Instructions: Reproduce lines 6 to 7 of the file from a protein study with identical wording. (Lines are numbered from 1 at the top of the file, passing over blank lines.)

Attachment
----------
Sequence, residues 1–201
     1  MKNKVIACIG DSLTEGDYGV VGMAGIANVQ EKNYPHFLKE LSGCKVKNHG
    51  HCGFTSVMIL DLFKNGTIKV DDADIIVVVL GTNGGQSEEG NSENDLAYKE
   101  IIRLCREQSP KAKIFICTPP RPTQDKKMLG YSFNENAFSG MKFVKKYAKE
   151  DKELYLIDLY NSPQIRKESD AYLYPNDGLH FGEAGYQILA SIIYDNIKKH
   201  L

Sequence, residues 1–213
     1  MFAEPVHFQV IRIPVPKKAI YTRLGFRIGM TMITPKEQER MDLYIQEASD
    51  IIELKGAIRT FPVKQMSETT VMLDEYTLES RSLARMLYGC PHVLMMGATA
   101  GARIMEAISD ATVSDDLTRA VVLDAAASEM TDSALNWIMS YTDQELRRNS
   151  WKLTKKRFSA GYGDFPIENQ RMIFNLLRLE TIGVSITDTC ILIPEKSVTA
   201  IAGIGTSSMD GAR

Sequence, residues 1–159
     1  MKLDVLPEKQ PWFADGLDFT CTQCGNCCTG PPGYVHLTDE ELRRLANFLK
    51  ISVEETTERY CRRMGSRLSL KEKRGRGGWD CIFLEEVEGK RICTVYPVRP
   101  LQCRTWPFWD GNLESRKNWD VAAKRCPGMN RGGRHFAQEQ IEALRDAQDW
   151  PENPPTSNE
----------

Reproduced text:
   201  L

Sequence, residues 1–213